The 24th June is both Midsummer’s Eve and the Feast of Saint John the Baptist. Although it is not the longest day of the year ( this is the 21st June), the sun reaches its highest point at this time and there were many ancient pagan traditions associated with this day, long before the worldwide influence of Christianity.


The Feast of Saint John is celebrated all over world by Christians with fires, fireworks and big processions. It is rare for a Saint to be so widely celebrated, but John the Baptist was a powerful preacher in his own right long before Jesus began his own ministry and he had many followers in distant lands. His preaching was fiery, calling for repentance for the forgiveness of sins and for people to live a righteous life no matter what their profession. He baptised those who repented and was the first person to identify Jesus as the son of God at his baptism when Jesus was thirty:

“I saw the Spirit descend as a dove from heaven, and it remained on him. I myself did not know him; but he who sent me to baptise with water said to me, ‘He on whom you see the Spirit descend and remain, this is he who baptises with the Holy Spirit.’ And I have seen and have borne witness that this is the Son of God” (John 1:32-34).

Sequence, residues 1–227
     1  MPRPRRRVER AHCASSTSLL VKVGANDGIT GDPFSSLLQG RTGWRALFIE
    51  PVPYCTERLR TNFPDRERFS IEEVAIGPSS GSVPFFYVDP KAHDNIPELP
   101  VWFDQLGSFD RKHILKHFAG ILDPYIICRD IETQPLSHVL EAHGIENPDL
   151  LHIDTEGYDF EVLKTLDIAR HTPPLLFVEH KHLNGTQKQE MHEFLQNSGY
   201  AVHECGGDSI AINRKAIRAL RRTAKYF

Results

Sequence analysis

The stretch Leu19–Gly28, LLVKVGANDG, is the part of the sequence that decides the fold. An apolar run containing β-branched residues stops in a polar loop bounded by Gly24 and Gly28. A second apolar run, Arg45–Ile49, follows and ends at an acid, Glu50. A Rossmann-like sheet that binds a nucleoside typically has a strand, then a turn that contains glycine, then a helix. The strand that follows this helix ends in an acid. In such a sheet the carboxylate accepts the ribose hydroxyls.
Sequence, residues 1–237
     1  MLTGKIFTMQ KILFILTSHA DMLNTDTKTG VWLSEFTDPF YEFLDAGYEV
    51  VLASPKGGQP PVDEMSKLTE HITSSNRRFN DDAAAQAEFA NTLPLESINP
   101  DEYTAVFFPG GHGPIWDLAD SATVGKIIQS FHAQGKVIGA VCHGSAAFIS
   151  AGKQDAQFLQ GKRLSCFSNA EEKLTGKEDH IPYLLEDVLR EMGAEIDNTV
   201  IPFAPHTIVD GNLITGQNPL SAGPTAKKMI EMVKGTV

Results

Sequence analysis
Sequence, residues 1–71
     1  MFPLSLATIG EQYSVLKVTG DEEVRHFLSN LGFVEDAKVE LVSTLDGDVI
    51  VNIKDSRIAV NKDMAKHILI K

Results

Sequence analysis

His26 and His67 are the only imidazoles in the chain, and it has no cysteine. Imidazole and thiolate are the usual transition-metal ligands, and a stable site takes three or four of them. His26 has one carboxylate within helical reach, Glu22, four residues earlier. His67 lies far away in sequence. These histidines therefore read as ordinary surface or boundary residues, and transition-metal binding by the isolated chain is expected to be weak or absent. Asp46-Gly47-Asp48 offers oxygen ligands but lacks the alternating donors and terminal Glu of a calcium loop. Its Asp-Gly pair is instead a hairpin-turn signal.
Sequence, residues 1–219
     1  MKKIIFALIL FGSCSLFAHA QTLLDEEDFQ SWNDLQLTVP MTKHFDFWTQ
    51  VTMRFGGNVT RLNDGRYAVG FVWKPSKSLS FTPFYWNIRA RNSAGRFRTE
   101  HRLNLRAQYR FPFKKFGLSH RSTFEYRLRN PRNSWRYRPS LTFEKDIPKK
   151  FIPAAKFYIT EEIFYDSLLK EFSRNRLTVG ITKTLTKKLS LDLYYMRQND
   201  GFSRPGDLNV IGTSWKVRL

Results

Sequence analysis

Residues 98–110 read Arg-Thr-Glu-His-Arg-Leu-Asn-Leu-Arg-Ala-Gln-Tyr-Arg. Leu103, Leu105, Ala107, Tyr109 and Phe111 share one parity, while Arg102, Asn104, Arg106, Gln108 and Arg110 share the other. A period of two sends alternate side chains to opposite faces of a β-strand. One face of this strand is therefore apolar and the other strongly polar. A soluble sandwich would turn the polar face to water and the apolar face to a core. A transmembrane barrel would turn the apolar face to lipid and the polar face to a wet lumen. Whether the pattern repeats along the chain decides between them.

What makes this more interesting is that Jesus and John were connected before they were even born, but did not meet until Jesus’s baptism I believe. They had much in common:  John was conceived miraculously to elderly parents and was born six months before Jesus; his mother Elizabeth and Mary were also related in some way and both were visited by the Angel Gabriel who told them of the son they would bear.

So how does this relate to how we can observe Saint John’s today? I like this quote from All Year Round:

“At a time when nature rushes on, relentlessly pursuing her goals, fruiting and seeding, we are challenged by St John to pause, reassess our intentions and the direction of our life. He asks us to straighten and balance the landscape of our soul….”

Since ancient times, bonfires have traditionally been built in the night of the 23rd to encourage the sun to shine and ripen the crops and also to ward off evil spirits. Fire continues to be part of the Midsummer/St John’s celebrations to this day in many shapes and forms.

In our Steiner ( Waldorf) school we celebrate St John’s with circle dancing, feasting and the children, teachers  – and parents if they wish – jump over a little fire. Everyone is dressed in fiery colours of red, orange and yellow.




Jumping over fire is associated with cleansing and renewing our intentions to live a righteous, purposeful life. Here again a quote from “All Year Round”:

” The most noble quality of Fire is it’s ability to transform substance. In the alchemy of the soul, there is always the possibility that the dross in our lives may be changed into something more precious. By ‘burning up’ what is unfruitful within us, we gain the strength to rise above ourselves, to jump over our own inner St John’s Fire”